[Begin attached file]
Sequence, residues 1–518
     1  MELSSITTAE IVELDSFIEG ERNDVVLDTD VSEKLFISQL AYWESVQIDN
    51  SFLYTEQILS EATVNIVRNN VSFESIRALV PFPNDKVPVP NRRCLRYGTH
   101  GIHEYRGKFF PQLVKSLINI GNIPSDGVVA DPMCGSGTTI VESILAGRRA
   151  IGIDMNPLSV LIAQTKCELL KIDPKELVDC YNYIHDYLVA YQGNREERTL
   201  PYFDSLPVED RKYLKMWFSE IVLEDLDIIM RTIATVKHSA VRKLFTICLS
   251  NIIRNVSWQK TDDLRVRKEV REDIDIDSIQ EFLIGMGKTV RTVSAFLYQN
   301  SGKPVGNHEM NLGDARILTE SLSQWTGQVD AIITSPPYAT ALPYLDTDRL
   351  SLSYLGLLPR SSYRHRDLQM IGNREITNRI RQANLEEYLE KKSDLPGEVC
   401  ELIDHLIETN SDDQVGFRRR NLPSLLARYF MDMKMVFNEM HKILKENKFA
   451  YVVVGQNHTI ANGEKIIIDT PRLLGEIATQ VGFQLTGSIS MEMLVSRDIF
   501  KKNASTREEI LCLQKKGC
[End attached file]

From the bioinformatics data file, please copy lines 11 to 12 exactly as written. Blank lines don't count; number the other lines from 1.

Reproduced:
   451  YVVVGQNHTI ANGEKIIIDT PRLLGEIATQ VGFQLTGSIS MEMLVSRDIF
   501  KKNASTREEI LCLQKKGC